Scott’s Addition bingo hall floated for retail

A school is considering redeveloping its bingo hall into a new retail space near Scott's Addition. Photo by Michael Thompson.

A school is considering redeveloping its bingo hall into a new retail space near Scott’s Addition. Photo by Michael Thompson.

The owner of potentially prime Scott’s Addition real estate has a plan to lure a fresh crop of retailers to the ever-developing neighborhood.

The property at 2900 W. Broad St. is being floated for redevelopment as the Shoppes at Scott’s Addition. The 8,250-square-foot building sits one block west of West Broad Street and North Boulevard and is owned by Yeshiva of Virginia, a West End Jewish high school for boys.

Yeshiva of Virginia President Stuart Cantor said the property, currently used by the school as a bingo hall, is in an ideal location given the development that’s been taking place in the surrounding area.

“The school thinks it would best to realize the value of the building rather than continue on as a bingo hall,” Cantor said.

The school has enlisted commercial real estate firm Colliers International and brokers Martin Blum and Loretta Cataldi to pitch the concept to businesses.

“We have been quietly marketing the property for sale for single-tenant retailer users as maybe a tear-down,” Blum said. “We have since decided we might just redevelop it ourselves.”

The idea for the development was spurred by the rise in apartments in Scott’s Addition, as well as an uptick in office space.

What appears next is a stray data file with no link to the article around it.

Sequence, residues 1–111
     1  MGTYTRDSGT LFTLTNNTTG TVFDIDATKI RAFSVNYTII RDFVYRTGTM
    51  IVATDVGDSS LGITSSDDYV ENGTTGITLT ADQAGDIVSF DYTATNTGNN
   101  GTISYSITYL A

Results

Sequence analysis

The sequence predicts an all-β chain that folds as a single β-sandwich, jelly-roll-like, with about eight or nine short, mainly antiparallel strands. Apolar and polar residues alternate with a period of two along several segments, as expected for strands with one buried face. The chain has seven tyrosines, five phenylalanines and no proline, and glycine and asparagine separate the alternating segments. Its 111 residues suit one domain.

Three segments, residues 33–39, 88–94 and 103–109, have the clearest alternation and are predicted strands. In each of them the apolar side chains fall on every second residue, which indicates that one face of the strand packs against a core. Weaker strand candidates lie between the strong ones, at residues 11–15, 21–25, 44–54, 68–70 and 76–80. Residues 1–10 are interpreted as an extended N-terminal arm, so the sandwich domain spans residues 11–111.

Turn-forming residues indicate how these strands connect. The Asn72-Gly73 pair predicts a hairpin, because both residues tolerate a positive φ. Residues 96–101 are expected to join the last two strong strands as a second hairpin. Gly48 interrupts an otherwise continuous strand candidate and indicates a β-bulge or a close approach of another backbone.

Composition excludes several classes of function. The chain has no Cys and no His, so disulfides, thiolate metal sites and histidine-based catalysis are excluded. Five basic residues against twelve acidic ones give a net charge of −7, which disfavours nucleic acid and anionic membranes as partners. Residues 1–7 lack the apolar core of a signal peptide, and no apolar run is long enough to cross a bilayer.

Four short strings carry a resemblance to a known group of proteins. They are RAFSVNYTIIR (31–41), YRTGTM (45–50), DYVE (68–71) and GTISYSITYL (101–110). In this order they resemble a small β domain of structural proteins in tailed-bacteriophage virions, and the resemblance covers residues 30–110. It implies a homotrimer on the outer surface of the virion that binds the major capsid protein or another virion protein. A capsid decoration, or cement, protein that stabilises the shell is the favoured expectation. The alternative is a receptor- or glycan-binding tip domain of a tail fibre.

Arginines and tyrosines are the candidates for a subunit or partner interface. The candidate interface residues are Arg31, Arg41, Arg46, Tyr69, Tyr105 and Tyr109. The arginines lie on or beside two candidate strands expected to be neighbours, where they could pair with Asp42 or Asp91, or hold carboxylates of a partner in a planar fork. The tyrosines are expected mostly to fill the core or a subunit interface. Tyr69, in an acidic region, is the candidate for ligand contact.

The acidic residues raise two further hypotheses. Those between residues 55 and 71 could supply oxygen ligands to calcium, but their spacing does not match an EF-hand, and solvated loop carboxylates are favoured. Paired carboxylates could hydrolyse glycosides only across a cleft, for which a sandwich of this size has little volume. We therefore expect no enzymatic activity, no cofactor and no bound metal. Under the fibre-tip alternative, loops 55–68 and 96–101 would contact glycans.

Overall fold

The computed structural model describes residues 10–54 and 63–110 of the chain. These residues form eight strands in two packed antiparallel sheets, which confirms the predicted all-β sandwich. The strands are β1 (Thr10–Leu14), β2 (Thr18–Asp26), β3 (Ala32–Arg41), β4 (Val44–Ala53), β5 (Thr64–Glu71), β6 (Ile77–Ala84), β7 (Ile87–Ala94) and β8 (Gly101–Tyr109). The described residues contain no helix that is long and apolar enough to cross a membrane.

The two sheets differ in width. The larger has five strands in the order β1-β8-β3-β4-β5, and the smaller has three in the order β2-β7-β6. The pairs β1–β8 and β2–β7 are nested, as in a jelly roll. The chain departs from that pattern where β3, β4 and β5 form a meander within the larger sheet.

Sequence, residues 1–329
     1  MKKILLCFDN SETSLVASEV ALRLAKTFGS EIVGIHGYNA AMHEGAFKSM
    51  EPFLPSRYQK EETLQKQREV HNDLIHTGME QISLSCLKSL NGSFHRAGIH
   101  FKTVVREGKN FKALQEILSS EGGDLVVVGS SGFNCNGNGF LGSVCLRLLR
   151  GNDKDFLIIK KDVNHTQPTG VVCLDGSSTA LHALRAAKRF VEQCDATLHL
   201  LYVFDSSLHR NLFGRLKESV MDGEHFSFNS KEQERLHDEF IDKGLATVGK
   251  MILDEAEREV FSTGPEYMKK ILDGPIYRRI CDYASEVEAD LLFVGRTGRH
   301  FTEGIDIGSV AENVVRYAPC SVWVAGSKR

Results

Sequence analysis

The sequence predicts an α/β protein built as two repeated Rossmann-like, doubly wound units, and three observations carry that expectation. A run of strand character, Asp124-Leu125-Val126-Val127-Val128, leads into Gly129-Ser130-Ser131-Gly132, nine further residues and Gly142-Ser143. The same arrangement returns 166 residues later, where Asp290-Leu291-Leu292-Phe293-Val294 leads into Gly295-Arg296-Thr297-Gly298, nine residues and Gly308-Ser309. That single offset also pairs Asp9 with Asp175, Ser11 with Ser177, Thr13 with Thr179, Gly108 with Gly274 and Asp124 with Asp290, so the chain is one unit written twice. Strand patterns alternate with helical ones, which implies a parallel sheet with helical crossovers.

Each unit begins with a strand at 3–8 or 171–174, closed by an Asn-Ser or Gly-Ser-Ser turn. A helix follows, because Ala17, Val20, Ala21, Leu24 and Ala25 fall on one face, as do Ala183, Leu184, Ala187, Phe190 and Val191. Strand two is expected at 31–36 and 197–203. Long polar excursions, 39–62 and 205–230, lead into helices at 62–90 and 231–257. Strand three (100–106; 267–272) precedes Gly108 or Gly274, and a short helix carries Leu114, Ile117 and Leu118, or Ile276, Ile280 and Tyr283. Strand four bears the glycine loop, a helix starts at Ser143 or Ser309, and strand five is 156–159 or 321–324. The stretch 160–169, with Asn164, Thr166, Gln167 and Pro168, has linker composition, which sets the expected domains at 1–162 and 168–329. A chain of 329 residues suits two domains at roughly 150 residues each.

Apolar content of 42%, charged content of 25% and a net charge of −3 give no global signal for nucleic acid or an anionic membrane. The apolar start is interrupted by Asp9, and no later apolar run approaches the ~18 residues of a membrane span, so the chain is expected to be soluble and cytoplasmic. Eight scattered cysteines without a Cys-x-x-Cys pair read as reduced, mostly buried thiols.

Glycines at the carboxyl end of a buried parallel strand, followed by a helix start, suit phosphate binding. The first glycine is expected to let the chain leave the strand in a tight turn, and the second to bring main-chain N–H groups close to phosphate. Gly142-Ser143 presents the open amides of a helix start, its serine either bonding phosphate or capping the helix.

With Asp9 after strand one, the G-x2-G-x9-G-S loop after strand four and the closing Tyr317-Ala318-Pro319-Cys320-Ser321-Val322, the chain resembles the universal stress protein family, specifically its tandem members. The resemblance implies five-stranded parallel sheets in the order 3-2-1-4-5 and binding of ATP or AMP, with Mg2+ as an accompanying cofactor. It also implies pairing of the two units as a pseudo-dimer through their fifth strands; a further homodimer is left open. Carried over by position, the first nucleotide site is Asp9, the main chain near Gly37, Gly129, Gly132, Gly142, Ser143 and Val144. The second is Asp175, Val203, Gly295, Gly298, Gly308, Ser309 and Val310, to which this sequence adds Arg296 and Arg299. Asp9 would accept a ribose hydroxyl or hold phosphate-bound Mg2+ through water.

“Retail is kind of underserved for Scott’s Addition,” Blum said. “We just want to fit in with everything that’s going on there.”

Blum sees potential for the Yeshiva property to attract national retailers, those that would want the visibility afforded by a property that fronts a busy street. Those potential national tenants would complement the local businesses that have already set up deeper within Scott’s Addition, like a new Urban Farmhouse, breweries and more, he said.

“There is some retail along Summit Avenue, but it’s more of a local style,” Blum said. “The national tenants and regional tenants are not going to look at interior streets.”

Blum said the best-case scenario would be to lease the space to a national brand, but he isn’t ruling out locally based tenants.

The idea to transform the property is still in its early stages. For now, the plans have only gotten as far as a conceptual rendering and the creation of the Shoppes at Scott’s Addition name. Blum said no developer or architect has yet been selected for the site.

Blum could not say how much it might cost to develop the property. He did say he and the landlord are considering selling, tearing down and rebuilding or using historic tax credits to renovate the site.

“A lot hinges on historic tax credits,” Blum said. “It really just depends on the tenant interest and who we have.”

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Scott Burger
Scott Burger
6 years ago

What is the building’s history? What was it’s use before bingo hall?

Sean Stilwell
Sean Stilwell
6 years ago
Reply to  Scott Burger

It opened in 1924 as the James F. Mitchell Grocery Store. Very cool Moderne-style building.

Ethan Lindbloom
Ethan Lindbloom
6 years ago

I think that this is a great idea for the area. But could we please retire the ridiculous “shoppes” spelling??? The faux English Village nomenclature should be reserved for the exurbs, not an actual historical neighborhood.

Michael Dodson
Michael Dodson
6 years ago

Someone please name a national retailer that wants a 8100 plus square feet space? GreatClips/Check City? This space is tiny for any real national stores but yes it’s design is cool. Local brewery pub would be ideal.

This side of Broad house tons of vacant (and larger) spaces including the entire 1st floor of the 3600 Center (Seaboard Bldg), and closed office/retail space of Sea Dream Leathers, and others.

Charles Frankenhoff
Charles Frankenhoff
6 years ago

Great idea. And I agree with Ethan on all the Shoppes and Ye Olde nonsense.